* I take this opportunity to announce the correction of a very figure of the Virgin, painted, patched, frizzled, and gross error in the first edition of these Letters, where the name powdered ; with a tarnished satin gown, (the skirt for that of the Bishop of Ghent. The extent of this mistake, lace, differing in no respect, but in size, from the of the Bishop of Liege had, through inisinformation, been inserted held up by two cherubs,) paste ear-rings and neckwhich I deeply re-ret, will be beat understood by the following extract from a letter, in which it is pointed out and correcte.

most paltry doll that ever was sold in a loy-shop; The authority of the writer is boyond dispute, and Paul readily and observe this incongruous and ridiculous sica my admits the inaccuracy of his notes, though taken upon the spot. the object of fervid and zealous adoration from the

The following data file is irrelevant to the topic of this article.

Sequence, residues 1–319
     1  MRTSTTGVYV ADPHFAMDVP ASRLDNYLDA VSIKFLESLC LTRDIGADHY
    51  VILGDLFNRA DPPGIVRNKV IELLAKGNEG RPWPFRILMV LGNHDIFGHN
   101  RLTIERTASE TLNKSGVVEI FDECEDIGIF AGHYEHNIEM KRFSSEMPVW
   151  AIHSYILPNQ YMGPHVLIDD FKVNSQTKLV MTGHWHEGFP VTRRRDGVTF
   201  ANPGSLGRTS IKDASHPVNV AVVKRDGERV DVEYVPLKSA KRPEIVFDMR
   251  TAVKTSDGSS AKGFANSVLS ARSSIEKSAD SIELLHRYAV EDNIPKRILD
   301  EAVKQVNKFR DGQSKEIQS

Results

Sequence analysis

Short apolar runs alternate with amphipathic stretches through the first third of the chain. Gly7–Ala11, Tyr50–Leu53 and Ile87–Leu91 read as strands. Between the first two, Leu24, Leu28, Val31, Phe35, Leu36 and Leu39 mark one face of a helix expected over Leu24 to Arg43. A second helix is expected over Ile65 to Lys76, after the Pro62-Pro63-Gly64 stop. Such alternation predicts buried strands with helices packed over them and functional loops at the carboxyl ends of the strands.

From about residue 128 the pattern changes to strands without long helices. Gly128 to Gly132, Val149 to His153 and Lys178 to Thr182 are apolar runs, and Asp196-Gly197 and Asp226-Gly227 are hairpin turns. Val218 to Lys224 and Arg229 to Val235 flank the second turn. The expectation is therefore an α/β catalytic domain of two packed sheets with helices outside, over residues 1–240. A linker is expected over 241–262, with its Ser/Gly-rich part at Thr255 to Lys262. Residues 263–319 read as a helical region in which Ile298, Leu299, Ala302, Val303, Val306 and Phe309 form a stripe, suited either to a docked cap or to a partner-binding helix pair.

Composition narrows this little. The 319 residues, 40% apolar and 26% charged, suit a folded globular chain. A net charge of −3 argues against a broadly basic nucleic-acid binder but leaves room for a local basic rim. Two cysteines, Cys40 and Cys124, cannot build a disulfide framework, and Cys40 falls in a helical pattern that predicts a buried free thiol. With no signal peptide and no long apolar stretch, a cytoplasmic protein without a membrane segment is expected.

** The Bishop of Liege was never an adherent or ally of Lona votaries who are kneeling before it, we see the idolafor the Sre of Liege was formerly both.) he took refuge at Ratis: try of the Romish Church in a point of view disgust. bonne, where his residence has, I believe, ever been, and where he ing and humiliating as that of ancient Egypt, and has never ceased to enjoy the respect of those who were most op cease to wonder at ihe obstinacy of the prelate aforeposed to the views of the usurper. having been alarmingly twinzed by the king's proposed toleration, said, and that part of the priesthood, who fear the that, recommended by his punjesty to the Archbishopric of Ma: light which universal toleration would doubtless lines in the room of the Abbe de Pradt, he repaired to Brussels throw upon the benighted worship of their great when the constitution was proposed, and acted there, at a very Diana. In the meanwhile, the promise of the king critical moment, as the most strenuous supporter of that very tole. Tatian which he is accused so erroneously as having opposed.